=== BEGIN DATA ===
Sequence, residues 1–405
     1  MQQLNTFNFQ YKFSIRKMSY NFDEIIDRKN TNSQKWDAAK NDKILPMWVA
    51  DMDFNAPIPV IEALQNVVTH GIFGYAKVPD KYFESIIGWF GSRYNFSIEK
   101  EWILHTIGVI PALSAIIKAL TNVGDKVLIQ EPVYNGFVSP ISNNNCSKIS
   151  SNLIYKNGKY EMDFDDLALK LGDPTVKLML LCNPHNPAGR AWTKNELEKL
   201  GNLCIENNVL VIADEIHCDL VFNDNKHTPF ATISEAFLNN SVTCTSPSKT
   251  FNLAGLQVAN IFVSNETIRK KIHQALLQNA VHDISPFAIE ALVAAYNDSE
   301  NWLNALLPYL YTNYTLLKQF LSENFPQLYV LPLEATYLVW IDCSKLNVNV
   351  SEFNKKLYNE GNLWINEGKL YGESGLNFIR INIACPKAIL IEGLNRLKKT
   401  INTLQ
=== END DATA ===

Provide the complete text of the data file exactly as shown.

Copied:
Sequence, residues 1–405
     1  MQQLNTFNFQ YKFSIRKMSY NFDEIIDRKN TNSQKWDAAK NDKILPMWVA
    51  DMDFNAPIPV IEALQNVVTH GIFGYAKVPD KYFESIIGWF GSRYNFSIEK
   101  EWILHTIGVI PALSAIIKAL TNVGDKVLIQ EPVYNGFVSP ISNNNCSKIS
   151  SNLIYKNGKY EMDFDDLALK LGDPTVKLML LCNPHNPAGR AWTKNELEKL
   201  GNLCIENNVL VIADEIHCDL VFNDNKHTPF ATISEAFLNN SVTCTSPSKT
   251  FNLAGLQVAN IFVSNETIRK KIHQALLQNA VHDISPFAIE ALVAAYNDSE
   301  NWLNALLPYL YTNYTLLKQF LSENFPQLYV LPLEATYLVW IDCSKLNVNV
   351  SEFNKKLYNE GNLWINEGKL YGESGLNFIR INIACPKAIL IEGLNRLKKT
   401  INTLQ